Henry Vyhnal

Henry Vyhnal

The solution presented itself at a gig one night in September when Gavin met Henry Vyhnal, whose talents he was already aware of via his work with Jarryl. Henry played Rhythm Guitar and Electric Violin; both instruments Gavin believed, could be worked into Babeez. He was asked in on a few rehearsals. Henry was not interested in joining a band, having been through the mill with Pelaco Brothers and the Millionaires.

Nevertheless, he wanted to assist Babeez specifically and punk generally. In a 'guest' role, Henry was soon practicing regularly at Faraday St: "I wanted to see the movement happen. I saw it as a way of being involved in the scene and helping it along the way". Although a Second Guitar job for Henry was obvious (giving Jarryl room to move) the Violin was worked into about a third of the set.

As Henry put it "They were more interested in my Violin than anything else. Gavin wanted the Violin because he knew the sound could evolve into Guitar based thrash. Having an exotic instrument in there would set Babeez apart from other bands, as well as his song writing and vocal skills".

Long impressed with Jarryl, Henry found Babeez themselves to be a creative unit that were no slouches musically; Jarryl was the most fantastic guitarist around. Gavin was quite a multi instrumentalist himself, a very capable musician. "Julie was the only member to be a novice in any sense". As Henry also found, the direction, writing, and arrangement going on was something unique, distilled out of respectable influences "the Ramones and sixties pop Sandie Shaw, that kind of stuff. In writing songs, they wanted to combine a pretty vocal melody with crashing guitars in the background, which hadn't been done before".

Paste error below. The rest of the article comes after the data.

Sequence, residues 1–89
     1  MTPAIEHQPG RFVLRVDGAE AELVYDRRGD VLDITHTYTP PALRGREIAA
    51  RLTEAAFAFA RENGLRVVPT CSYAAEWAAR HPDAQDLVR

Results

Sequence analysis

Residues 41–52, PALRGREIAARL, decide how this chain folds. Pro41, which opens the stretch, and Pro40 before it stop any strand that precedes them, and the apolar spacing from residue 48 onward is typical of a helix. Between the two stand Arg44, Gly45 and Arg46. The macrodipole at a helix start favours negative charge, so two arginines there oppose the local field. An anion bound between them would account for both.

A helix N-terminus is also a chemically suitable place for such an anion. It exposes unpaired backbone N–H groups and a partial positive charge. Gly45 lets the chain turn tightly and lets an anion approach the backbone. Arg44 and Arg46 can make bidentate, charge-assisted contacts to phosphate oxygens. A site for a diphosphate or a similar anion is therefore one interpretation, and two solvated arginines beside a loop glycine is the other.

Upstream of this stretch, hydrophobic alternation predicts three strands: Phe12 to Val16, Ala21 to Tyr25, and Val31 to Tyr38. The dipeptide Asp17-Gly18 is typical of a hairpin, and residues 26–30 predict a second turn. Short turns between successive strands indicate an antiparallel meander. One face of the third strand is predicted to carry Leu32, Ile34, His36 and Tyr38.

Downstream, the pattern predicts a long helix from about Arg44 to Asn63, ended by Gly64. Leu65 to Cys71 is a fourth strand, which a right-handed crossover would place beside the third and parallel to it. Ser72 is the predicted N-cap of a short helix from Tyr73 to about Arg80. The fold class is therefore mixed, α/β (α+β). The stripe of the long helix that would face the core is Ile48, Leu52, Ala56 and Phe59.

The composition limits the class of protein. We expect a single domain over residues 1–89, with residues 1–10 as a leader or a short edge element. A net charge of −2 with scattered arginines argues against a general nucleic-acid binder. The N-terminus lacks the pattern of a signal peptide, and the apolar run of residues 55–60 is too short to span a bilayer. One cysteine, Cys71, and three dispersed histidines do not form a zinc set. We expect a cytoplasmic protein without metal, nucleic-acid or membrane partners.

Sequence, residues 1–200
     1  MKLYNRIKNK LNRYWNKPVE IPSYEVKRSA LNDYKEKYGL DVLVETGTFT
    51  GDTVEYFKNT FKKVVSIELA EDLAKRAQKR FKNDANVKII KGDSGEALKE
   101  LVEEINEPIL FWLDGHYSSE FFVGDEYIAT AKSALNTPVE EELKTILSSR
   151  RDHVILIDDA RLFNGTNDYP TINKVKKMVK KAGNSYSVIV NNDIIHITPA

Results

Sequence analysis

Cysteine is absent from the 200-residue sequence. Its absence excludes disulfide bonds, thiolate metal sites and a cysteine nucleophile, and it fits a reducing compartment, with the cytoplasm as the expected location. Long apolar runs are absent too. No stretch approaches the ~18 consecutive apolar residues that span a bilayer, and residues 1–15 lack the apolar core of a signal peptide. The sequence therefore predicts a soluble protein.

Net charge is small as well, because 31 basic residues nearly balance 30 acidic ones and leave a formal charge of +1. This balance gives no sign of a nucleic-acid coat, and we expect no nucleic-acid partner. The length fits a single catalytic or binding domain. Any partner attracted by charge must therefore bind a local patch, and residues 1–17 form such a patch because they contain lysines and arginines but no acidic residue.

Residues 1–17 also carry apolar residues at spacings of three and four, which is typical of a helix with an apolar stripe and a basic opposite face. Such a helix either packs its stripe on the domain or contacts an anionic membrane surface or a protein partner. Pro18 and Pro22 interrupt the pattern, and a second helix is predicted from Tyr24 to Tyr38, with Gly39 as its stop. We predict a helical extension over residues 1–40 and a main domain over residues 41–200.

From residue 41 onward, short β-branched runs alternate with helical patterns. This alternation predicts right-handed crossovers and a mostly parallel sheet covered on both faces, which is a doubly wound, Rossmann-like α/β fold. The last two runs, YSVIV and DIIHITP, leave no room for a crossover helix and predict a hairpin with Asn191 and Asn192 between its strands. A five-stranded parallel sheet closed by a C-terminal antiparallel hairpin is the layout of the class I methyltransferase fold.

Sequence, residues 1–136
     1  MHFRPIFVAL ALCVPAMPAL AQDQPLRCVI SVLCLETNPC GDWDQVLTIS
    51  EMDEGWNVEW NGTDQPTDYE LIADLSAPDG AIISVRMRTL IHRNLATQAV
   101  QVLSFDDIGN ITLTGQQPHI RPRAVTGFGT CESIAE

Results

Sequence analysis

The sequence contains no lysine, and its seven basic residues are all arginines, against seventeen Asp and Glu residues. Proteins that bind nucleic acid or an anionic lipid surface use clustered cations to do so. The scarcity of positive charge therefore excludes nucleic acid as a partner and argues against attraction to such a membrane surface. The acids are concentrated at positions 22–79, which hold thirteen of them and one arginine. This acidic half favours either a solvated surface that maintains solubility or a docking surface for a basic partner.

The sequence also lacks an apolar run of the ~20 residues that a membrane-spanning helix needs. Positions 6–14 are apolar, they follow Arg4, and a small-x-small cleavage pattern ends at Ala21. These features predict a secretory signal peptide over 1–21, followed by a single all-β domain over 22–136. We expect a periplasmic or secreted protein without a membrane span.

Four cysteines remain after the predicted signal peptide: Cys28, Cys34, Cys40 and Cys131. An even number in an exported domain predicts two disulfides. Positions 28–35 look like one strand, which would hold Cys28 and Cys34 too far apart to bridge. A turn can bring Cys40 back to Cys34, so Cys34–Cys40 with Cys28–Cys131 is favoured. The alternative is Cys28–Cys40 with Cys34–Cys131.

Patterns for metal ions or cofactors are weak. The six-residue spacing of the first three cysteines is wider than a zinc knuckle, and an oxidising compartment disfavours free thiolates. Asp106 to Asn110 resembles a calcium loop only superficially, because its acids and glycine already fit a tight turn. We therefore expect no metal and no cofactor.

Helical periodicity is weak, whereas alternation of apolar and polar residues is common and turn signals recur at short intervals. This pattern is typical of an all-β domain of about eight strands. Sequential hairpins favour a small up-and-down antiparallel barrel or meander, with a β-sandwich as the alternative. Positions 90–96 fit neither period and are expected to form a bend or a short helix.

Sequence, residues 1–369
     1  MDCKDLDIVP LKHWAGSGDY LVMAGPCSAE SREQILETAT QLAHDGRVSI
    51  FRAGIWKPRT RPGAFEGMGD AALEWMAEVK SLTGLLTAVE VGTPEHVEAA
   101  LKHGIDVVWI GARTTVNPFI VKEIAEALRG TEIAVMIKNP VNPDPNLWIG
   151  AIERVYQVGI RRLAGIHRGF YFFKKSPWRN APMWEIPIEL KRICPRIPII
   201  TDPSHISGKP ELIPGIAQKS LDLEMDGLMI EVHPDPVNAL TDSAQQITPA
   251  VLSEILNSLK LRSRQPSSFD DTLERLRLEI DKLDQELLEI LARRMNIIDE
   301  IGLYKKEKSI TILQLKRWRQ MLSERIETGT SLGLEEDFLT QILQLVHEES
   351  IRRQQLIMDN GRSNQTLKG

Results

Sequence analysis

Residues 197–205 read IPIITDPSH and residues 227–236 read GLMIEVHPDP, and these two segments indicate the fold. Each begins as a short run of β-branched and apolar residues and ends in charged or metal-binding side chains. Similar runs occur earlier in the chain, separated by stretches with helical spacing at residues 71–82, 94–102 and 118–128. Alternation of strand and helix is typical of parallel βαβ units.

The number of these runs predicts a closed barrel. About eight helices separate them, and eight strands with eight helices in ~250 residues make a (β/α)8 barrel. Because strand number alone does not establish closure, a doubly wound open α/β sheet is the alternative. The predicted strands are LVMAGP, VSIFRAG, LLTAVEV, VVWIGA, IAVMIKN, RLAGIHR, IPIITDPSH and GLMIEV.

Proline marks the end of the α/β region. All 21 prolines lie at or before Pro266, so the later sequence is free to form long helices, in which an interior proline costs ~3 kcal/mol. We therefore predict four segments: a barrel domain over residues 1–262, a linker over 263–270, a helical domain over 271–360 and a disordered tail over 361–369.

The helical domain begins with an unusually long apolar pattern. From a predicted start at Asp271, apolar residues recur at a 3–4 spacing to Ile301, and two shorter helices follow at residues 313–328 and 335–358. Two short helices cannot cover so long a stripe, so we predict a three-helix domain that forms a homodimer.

The heavy rehearsals continued on the eve of the E.P. release in mid-October. In this hour of need, drummer Paul Makeshift (!) arrived from nowhere and took the chair until mid December. When the record hit the shops, it was the second DIY release after the Saints' 'I'm Stranded'.

Babeez distributed the disk themselves and gathered some interesting reactions to the music and packaging, not to mention their policy of independence: "The industry, when we released it, were knocked-out. They couldn't understand what we were doing" [Gavin]. Such was the climate here in late 1977.

Through November/December, the cover stirred much controversy as Joe Public, straying into certain record shops, saw a crude reproduction of an abortion in a bin staring back at them from the racks. More importantly, what was in the grooves was getting reaction, especially as it was the first proof that punk existed as a musical force here in Melbourne.

The record was to an extent, a rallying point and sales were encouraging in the ensuing months; in Melbourne, in Adelaide, and in Sydney.

In the hands of critics, the E.P. fared well: "The first two songs are raging punkoid statements a la Ramones. ..(Nobody Wants Me)..is a more restrained affair, about suicide" [Juke]. Ram said of 'Nobody Wants Me': "A slow compelling dirge with traces of light pop in the heavy playing", and described 'Dowannalove' as 'Neo-Stooges' (1/78).